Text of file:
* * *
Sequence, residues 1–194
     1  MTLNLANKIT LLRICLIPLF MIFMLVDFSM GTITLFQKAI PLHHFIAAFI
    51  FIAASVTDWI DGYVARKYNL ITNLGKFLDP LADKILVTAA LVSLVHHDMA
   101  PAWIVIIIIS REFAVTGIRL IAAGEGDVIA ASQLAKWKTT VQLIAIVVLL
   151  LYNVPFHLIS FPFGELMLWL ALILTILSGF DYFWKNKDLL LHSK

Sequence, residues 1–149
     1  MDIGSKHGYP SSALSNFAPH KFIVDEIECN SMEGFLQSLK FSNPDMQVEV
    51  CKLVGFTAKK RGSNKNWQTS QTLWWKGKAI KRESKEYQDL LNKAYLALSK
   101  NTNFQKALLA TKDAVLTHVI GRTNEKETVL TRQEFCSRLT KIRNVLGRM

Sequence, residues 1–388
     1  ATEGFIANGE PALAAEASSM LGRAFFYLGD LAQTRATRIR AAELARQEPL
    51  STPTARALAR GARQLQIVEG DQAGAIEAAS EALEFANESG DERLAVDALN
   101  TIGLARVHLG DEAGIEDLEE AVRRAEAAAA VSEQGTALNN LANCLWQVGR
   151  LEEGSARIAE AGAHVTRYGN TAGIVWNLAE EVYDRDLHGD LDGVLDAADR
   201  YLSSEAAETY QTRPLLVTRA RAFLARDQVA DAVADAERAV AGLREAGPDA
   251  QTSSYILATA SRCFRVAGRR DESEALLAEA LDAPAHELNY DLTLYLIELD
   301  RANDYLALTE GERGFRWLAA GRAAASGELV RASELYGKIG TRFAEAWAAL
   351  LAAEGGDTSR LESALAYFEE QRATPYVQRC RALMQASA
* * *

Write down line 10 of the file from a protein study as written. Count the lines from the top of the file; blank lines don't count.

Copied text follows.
Sequence, residues 1–388